Woodrow Wilson Quotes

Respected as a scholar and writer in his own time, Woodrow Wilson has become famous for some pithy quotes. Oftentimes, though, his original thoughts can get lost in the desire to share something short and sweet. So we thought it was time to share some background and sources for some Wilson sayings you might have heard

 Let us know if you have heard any other good quotes from Wilson you would like us to track down. Just a warning though: Woodrow Wilson did not say everything attributed to him, and sometimes real quotes have become garbled or misused.

“If you want to make enemies, try to change something.”

Address to Salesmanship Congress in Detroit, 1916 July 10 –

I have found that I had a great deal more resistance when I tried to help business than when I tried to interfere with it. I have had a great deal more resistance of counsel, of special counsel, when I tried to alter the things that are established than when I tried to do anything else. We call ourselves a liberal nation, whereas, as a matter of fact, we are one of the most conservative nations in the world. If you want to make enemies, try to change something. You know why it is. To do things to-day exactly the way you did them yesterday saves thinking. It does not cost you anything. You have acquired the habit; you know the routine; you do not have to plan anything, and it frightens you with a hint of exertion to learn that you will have to do it a different way to-morrow.

"The seed of revolution is repression."

State of the Union Address, 1919 December 2 –

There can be no settled conditions leading to increased production and a reduction in the cost of living if labor and capital are to be antagonists instead of partners. Sound thinking and an honest desire to serve the interests of the whole nation, as distinguished from the interests of a class, must be applied to the solution of this great and pressing problem. The failure of other nations to consider this matter in a vigorous way has produced bitterness and jealousies and antagonisms, the food of radicalism. The only way to keep men from agitating against grievances is to remove the grievances. An unwillingness even to discuss these matters produces only dissatisfaction and gives comfort to the extreme elements in our country which endeavor to stir up disturbances in order to provoke governments to embark upon a course of retaliation and repression. The seed of revolution is repression. The remedy for these things must not be negative in character.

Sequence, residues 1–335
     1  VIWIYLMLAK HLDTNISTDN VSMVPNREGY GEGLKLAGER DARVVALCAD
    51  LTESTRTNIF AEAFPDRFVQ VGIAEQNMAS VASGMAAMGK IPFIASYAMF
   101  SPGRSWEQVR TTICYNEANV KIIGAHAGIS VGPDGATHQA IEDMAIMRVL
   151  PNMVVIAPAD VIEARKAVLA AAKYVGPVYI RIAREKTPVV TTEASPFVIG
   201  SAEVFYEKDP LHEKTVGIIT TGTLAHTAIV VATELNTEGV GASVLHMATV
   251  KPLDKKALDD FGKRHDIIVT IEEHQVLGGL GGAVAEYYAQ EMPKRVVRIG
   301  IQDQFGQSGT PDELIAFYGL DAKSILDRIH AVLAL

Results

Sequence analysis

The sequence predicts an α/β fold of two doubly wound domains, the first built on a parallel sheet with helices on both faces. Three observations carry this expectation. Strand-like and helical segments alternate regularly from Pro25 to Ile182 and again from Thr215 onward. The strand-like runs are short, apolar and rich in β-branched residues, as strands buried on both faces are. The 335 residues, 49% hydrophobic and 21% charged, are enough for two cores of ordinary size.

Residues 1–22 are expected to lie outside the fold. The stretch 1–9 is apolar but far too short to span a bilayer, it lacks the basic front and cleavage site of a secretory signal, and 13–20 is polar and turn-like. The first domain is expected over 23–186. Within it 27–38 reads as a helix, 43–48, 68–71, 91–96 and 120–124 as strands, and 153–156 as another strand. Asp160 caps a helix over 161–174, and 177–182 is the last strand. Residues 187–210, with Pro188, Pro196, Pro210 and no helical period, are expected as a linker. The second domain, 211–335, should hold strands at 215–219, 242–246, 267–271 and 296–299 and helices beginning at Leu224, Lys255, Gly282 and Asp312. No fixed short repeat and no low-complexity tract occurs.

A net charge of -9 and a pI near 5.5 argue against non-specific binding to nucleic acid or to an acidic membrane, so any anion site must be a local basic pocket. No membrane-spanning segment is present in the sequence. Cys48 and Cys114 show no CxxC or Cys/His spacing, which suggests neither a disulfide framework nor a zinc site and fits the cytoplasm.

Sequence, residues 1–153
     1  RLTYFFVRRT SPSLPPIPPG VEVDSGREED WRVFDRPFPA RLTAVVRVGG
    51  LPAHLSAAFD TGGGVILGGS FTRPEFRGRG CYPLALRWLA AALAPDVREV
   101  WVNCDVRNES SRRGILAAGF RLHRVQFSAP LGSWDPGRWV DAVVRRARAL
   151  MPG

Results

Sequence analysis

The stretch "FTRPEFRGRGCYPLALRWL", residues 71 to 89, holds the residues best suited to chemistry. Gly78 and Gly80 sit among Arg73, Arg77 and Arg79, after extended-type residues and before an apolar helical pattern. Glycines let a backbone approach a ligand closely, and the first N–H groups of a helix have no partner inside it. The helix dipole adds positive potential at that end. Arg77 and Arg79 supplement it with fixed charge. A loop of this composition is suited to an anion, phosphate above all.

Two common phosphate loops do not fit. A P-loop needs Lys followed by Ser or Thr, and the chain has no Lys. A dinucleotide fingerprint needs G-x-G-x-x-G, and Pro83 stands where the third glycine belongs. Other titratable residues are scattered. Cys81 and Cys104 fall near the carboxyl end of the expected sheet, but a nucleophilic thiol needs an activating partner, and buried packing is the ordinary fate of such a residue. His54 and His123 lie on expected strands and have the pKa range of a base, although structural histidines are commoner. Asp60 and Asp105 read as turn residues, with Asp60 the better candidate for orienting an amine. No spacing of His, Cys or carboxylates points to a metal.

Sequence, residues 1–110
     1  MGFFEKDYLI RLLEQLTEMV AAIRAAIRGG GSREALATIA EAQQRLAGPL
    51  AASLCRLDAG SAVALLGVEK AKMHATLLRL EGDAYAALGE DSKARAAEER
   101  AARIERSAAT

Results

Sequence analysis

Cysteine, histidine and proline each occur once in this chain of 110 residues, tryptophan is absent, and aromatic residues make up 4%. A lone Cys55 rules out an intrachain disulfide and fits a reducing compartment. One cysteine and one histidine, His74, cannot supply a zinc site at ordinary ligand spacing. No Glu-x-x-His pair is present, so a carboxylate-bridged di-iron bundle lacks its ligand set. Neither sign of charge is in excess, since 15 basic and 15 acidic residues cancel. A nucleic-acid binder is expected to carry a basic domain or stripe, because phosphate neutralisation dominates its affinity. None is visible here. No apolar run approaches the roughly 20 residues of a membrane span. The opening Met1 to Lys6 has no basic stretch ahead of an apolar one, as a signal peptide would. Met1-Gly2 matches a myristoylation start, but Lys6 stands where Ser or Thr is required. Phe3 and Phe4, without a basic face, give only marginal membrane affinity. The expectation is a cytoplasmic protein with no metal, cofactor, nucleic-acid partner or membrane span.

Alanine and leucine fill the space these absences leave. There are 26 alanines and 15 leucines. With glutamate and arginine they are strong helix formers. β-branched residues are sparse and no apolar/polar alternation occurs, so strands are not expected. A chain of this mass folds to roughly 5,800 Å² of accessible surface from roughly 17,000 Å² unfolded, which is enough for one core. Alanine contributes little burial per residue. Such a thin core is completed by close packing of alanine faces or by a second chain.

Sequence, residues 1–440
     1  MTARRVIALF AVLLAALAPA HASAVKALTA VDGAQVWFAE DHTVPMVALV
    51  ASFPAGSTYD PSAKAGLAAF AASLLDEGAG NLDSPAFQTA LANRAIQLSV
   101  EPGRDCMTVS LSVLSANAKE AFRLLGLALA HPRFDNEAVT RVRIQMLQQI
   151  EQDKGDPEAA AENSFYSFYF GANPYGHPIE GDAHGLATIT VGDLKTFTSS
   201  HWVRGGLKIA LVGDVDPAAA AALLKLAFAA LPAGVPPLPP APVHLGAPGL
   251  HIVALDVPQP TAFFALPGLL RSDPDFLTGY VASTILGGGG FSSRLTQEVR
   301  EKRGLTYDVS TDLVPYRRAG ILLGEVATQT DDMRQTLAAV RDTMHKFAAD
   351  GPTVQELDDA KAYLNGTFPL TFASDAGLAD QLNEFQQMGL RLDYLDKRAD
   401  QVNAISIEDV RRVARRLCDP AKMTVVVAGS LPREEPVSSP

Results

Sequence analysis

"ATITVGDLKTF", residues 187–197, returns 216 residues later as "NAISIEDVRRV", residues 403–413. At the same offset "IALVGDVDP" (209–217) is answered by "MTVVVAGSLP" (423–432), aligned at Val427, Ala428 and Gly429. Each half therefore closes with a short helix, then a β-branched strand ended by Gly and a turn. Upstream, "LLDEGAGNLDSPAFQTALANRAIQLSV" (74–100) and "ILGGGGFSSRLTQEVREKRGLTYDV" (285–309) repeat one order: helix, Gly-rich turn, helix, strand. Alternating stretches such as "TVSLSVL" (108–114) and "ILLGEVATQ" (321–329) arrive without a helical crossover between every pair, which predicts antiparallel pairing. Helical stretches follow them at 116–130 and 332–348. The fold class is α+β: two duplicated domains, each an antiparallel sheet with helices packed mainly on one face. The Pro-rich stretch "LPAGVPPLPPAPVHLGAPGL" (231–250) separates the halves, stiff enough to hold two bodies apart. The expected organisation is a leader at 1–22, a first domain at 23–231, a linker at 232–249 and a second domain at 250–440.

“America is not anything if it consists of each of us. It is something only if it consists of all of us.”

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An Address in Pittsburgh on Preparedness, 1916 January 29. Addresses of President Wilson, January 27-February 3, 1916. Page 13 -

We want the spirit of America to be efficient. We want American character to be efficient. We want American character to display itself in what I may perhaps be allowed to call spiritual efficiency—clear, disinterested thinking and fearless action along the right lines of thought. America is nothing if it consists merely of each of us; it is something only if it consists of all of us. And it cannot consist of all of us unless our spirits are banded together in a common enterprise. That common enterprise is the enterprise of liberty and justice and right. Therefore, I, for my part, have a great enthusiasm for rendering America spiritually efficient, and that conception lies at the basis of what seems very far removed from it, namely, the plans that have been proposed for the military efficiency of this

"The ear of the leader must ring with the voices of the people."

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Leaders of Men speech given several times. See the Woodrow Wilson Papers, Vol. 6, pages 646-671, for a 1890 June 17 example –

The constituent habit of a people inheres in its thought, and to that thought legislation--even the legislation that advances and modifies habit--must keep very near. The ear of the leader must ring with the voices of the people. He cannot be of the school of the prophets; he must be of the number of those who studiously serve the slow-paced daily demand.

“The history of liberty is a history of resistance.”

Address to the New York Press Club, 1912 September 9. Crossroads of Freedom: The 1912 Speeches of Woodrow Wilson. Page 130. See also the Woodrow Wilson Papers, Vol. 25, pages 118-128

Liberty has never come from the government. Liberty has always come from the subjects of the government. The history of liberty is a history of resistance. The history of liberty is a history of the limitation of governmental power, not the increase of it. Do these gentlemen dream that in the year 1912 we have discovered a unique exception to the movement of human history? Do they dream that the whole character of those who exercise power has changed, that it is no longer a temptation? Above all things else, do they dream that men are bred great enough now to be a Providence over the people over whom they preside?